Any fair-minded assessment of the dangers of the deal between Britain's National Health Service (NHS) and DeepMind must start by acknowledging that both sides mean well. DeepMind is one of the leading artificial intelligence (AI) companies in the world. The potential of this work applied to healthcare is very great, but it could also lead to further concentration of power in the tech giants. It Is against that background that the information commissioner, Elizabeth Denham, has issued her damning verdict against the Royal Free hospital trust under the NHS, which handed over to DeepMind the records of 1.6 million patients In 2015 on the basis of a vague agreement which took far too little account of the patients' rights and their expectations of privacy.
DeepMind has almost apologized. The NHS trust has mended its ways. Further arrangements- and there may be many-between the NHS and DeepMind will be carefully scrutinised to ensure that all necessary permissions have been asked of patients and all unnecessary data has been cleaned. There are lessons about informed patient consent to learn. But privacy is not the only angle in this case and not even the most important. Ms Denham chose to concentrate the blame on the NHS trust, since under existing law it “controlled” the data and DeepMind merely “processed" it. But this distinction misses the point that it is processing and aggregation, not the mere possession of bits, that gives the data value.
The great question is who should benefit from the analysis of all the data that our lives now generate. Privacy law builds on the concept of damage to an individual from identifiable knowledge about them. That misses the way the surveillance economy works. The data of an individual there gains its value only when it is compared with the data of countless millions more.
The use of privacy law to curb the tech giants in this instance feels slightly maladapted. This practice does not address the real worry. It is not enough to say that the algorithms DeepMind develops will benefit patients and save lives. What matters is that they will belong to a private monopoly which developed them using public resources. If software promises to save lives on the scale that dugs now can, big data may be expected to behave as a big pharm has done. We are still at the beginning of this revolution and small choices now may turn out to have gigantic consequences later. A long struggle will be needed to avoid a future of digital feudalism. Ms Denham's report is a welcome start.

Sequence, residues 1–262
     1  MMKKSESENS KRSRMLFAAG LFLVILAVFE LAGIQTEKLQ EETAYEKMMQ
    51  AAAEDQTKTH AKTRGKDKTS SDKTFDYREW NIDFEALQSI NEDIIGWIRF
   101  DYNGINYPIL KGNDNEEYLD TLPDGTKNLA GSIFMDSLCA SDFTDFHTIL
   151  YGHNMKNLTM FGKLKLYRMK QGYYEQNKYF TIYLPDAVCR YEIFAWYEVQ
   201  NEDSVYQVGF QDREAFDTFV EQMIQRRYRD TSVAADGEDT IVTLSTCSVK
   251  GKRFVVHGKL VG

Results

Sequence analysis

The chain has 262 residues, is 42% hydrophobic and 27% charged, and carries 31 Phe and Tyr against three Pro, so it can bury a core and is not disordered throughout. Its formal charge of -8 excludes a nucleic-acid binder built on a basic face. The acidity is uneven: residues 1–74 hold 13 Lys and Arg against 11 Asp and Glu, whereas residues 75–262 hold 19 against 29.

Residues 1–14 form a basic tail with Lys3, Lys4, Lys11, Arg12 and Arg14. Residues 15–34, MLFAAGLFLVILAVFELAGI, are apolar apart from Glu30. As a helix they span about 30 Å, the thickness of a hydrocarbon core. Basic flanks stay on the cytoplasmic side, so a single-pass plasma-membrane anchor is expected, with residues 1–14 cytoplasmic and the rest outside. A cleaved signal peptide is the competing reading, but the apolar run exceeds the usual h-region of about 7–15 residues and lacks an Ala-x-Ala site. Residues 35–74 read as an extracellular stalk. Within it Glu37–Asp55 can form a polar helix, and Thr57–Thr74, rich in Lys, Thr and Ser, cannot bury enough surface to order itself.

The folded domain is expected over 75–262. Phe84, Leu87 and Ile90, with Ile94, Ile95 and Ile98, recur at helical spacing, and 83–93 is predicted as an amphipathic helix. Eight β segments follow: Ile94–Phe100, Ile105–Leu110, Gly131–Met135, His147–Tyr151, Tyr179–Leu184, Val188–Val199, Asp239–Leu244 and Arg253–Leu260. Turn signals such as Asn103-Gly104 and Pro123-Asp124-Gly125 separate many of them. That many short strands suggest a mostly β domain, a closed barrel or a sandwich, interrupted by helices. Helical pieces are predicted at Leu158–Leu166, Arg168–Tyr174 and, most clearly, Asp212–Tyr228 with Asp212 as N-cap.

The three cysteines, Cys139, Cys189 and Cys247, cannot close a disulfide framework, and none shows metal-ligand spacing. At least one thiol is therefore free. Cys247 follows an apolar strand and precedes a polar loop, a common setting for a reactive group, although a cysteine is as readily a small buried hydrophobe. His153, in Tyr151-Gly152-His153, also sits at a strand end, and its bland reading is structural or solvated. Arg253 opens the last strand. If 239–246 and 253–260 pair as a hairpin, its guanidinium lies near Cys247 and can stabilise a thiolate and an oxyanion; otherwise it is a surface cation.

31.Wha is true of the agreement between the NHS and DeepMind ?
[A] It caused conflicts among tech giants.
[B] It failed to pay due attention to patient’s rights.
[C] It fell short of the latter's expectations
[D] It put both sides into a dangerous situation.
32. The NHS trust responded to Denham's verdict with
[A] empty promises.
[B] tough resistance.
[C] necessary adjustments.
[D] sincere apologies.
33.The author argues in Paragraph 2 that
[A] privacy protection must be secured at all costs.
[B] leaking patients' data is worse than selling it.
[C] making profits from patients' data is illegal.
[D] the value of data comes from the processing of it
34.According to the last paragraph, the real worry arising from this deal is
[A] the vicious rivalry among big pharmas.
[B] the ineffective enforcement of privacy law.
[C] the uncontrolled use of new software.
[D] the monopoly of big data by tech giants.
35.The author's attitude toward the application of AI to healthcare is